Owning a home is part of the American Dream, yet standards on income, credit and debt are making it tougher to buy a home than it was 10 years ago. Even though requirements are relaxing, only three out of five borrowers get approved.
While stricter standards make it tougher for young families to qualify for a mortgage, millennials said they understand why these standards exist and think the tougher requirements won’t stand in their way of buying a home, according to a new survey commissioned by loanDepot.
In fact, millennials today are serious about doing what’s required to get a mortgage. The research surveyed 1,000 millennials who don’t own a home and found 35 percent plan to buy within five years. What’s more, millenials are taking steps now to turn their dreams into a reality by getting their credit in order, paying down debt and saving for a down payment.
“Income is a key to opening the doors of homeownership for millennials, and they’re more than committed to it; they’re actively planning for it,” says Anthony Hsieh, chairman and chief executive officer, loanDepot LLC. “Our improving economy is making it practical for millennials who want to own their own homes in a few short years to get ready now. Their strong desire to become homeowners, coupled with the commitment of getting their finances in order, suggests a renewal in first-time buyer demand may be possible if we sustain necessary economic and market conditions.”
With their prospects improving as the economy picks up, millennials are forming households faster and making more money compared to a few years ago. One in three millennials said an increase of 15 percent or less in income will be enough to turn them into homebuyers, a significant proposition for the economy.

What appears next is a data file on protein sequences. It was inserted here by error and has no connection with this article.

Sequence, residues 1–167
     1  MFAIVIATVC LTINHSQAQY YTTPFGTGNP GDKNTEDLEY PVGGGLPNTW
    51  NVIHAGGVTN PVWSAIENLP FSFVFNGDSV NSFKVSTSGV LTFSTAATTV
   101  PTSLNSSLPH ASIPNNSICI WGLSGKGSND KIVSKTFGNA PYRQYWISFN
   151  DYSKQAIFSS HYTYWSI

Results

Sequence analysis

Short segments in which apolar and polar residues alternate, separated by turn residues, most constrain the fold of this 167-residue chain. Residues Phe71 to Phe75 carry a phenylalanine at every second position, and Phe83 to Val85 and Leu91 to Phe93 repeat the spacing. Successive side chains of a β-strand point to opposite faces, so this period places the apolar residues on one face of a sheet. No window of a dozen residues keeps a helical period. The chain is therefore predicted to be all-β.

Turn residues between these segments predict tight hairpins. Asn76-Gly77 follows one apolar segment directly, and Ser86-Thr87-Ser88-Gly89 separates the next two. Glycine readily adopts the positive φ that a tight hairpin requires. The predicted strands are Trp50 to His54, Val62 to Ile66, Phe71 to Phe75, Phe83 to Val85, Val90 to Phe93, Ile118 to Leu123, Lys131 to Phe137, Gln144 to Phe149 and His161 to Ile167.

Because mortgage lenders use debt-to-income to evaluate a borrowers’ ability to repay a loan, student debt is a growing burden on millennials interested in financing a home. Unlike medical debt, student debt carries an equal weight to credit card debt. Nearly half of those surveyed said it’s unfair to weigh both types of debt equally.
As for the tougher requirements to getting a mortgage, millennials do think the tougher standards guard against risky loans and will help prevent another mortgage crisis. More than half say making it easier to get a mortgage will result in more foreclosures.
If you have student debt and want to buy your first home, here are a few ideas and tips to help you prepare:
Lower your debt-to-income ratio (DTI). \
DTI is your total monthly income as compared to your total monthly debt payments. Most lenders will only lend to you if your DTI is at or below 43 percent. So to lower it, try to increase your income by pursuing a promotion or raise, finding a higher-paying job or taking on part-time work. Decrease your required monthly debt payments by refinancing or consolidating student loans and paying down any credit card balances.
Get your credit score in order.
Analyze your credit report before you start the home buying process. Dispute incorrect derogatory information and ensure all three credit-reporting bureaus list all of your positive information. Pay all your bills on time, reduce credit card balances to 30 percent of the credit limit or lower, and don’t open new credit cards if you already have a few.
Save for a down payment.
Make a budget for each month before it starts, with a plan for spending and saving, and stick to it. Stash away extra money from bonuses, overtime or financial gifts on your birthday or holidays. Find a roommate to help pay your rent or move into a less-expensive rental. Do freelance or contract work on the side. Sell unneeded stuff on Craigslist.